If you normally skip breakfast and find yourself compensating later in the day by overeating at night, have the shake for breakfast to autoregulate your hunger hormones and gain back some control in the evening.
Simply add one Protein shake per day. That's 220 high-quality calories and 42 grams of extra protein every day. Now, since muscle gain is your main goal, you can bump those calories up further by adding a little natural nut butter or fruit to your shake, like a banana or berries. That puts you at around 300 calories extra per day or a bit more. That's 2100-plus surplus calories per week. Fast, easy, and no cooking, math, or Tupperware required.
The Real Gains (or Real Losses) Approach
This One Shake Diet isn't going to cause you to drop 10 pounds of fat in a week. Nor will you gain 10 pounds of muscle in a month. There are diets that seem to do that, but they really don't. "Weight" loss or gain is tricky business.
The dieter doesn't want to lose muscle. The bulker doesn't want to gain excess fat. The One-Shake Diet keeps it real. Lose a pound of bodyweight with this strategy and that's a pound of fat. (A deficit is more likely to cause pure fat loss if it's not extreme.) Gain a pound and that's a pound of mostly muscle, assuming you're lifting weights. That's realistic progress and it's sustainable for much longer than a crash diet or a see-food-diet mass plan. Think about this:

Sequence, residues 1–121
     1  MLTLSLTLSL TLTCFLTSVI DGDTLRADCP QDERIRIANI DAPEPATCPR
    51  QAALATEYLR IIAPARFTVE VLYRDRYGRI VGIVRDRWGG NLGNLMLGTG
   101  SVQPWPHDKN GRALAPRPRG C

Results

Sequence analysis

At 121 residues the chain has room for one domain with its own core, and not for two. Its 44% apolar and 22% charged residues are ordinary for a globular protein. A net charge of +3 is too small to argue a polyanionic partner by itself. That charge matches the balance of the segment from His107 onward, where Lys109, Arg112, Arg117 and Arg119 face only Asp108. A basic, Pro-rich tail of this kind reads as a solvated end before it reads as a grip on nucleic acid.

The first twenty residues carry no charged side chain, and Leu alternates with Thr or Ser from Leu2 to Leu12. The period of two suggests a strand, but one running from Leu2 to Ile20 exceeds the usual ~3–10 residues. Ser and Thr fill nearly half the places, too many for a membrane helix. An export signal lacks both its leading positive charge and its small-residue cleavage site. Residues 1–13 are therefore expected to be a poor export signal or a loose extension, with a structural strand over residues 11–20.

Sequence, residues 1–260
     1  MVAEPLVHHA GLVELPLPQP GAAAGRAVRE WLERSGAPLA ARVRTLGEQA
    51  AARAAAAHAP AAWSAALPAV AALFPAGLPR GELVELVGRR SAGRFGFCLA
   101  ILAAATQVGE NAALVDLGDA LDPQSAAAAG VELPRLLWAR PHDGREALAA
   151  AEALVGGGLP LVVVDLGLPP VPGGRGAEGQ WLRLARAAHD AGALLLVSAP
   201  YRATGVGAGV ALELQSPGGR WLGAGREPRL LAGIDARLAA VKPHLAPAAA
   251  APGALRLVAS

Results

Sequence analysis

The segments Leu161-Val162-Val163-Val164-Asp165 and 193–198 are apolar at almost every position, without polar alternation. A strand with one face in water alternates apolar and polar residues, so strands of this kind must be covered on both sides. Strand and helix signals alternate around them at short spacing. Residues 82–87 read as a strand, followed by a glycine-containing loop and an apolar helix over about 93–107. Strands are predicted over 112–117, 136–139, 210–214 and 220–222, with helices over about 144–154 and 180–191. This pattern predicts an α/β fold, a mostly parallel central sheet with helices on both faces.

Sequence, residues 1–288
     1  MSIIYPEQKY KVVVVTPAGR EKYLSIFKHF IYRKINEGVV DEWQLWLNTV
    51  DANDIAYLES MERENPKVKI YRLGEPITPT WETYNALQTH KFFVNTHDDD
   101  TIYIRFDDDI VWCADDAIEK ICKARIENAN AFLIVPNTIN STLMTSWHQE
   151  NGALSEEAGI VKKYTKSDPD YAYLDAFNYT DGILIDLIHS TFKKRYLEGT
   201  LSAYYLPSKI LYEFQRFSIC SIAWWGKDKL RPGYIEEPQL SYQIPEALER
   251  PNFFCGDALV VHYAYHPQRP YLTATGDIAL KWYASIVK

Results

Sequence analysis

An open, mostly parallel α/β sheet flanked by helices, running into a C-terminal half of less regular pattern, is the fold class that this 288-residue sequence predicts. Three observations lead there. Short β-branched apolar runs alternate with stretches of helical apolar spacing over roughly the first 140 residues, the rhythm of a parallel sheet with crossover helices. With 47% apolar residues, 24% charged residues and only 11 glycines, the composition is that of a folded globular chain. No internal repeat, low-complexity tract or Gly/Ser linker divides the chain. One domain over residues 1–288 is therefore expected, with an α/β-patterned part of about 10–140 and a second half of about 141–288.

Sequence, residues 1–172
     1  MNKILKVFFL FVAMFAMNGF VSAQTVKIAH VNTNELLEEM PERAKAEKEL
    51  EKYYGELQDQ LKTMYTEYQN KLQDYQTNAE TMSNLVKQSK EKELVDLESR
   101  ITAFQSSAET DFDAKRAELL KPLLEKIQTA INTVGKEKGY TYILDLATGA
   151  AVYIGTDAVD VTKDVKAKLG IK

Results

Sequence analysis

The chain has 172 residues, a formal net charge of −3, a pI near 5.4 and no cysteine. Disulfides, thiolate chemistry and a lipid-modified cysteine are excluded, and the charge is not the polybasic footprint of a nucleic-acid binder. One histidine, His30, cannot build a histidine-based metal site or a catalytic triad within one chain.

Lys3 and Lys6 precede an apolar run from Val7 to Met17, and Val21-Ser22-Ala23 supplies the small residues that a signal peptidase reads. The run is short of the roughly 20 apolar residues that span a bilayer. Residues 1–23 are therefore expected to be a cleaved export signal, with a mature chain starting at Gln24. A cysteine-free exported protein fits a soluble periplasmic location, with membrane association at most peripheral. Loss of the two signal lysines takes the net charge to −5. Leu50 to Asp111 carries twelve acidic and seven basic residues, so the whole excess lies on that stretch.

When bulking, do you want to gain 20 pounds with only 3 pounds of it being muscle? Or do you want to gain 5 pounds with 4 pounds of it being muscle?
For fat loss, do you want to lose 10 pounds fast with half of that weight coming from catabolic muscle loss? Or do you want to lose 10 pounds a bit more slowly, but pretty much all of that being fat weight?
The answers should be obvious.
Not All Protein Shakes Are the Same
Since this strategy revolves around a protein shake, you must choose wisely. That filler-filled whey with a trick label you bought for 18 bucks at the same place you buy windshield wiper fluid and tampons isn't going to cut it.
What both the dieter and the bulker need is a shake with a blend of quality proteins: micellar casein and whey isolate. Biotest Protein is the best choice. And unlike many protein supplements, Biotest doesn't "spike" the protein content or play funny label games. Since taste is critical for diet compliance, Metabolic Drive also has the advantage of tasting like a decadent milkshake. Blend with ice and it'll knock your socks off.
Simple, Sustainable, Realistic
Most people won't even need to count calories with this strategy. And assuming that his or her training is congruent with their goal, the one-shake dieter could easily lose a pound of fat per week, while the natural gainer could see a couple of pounds of muscle gain per month. And all without revolving your life around your diet plan.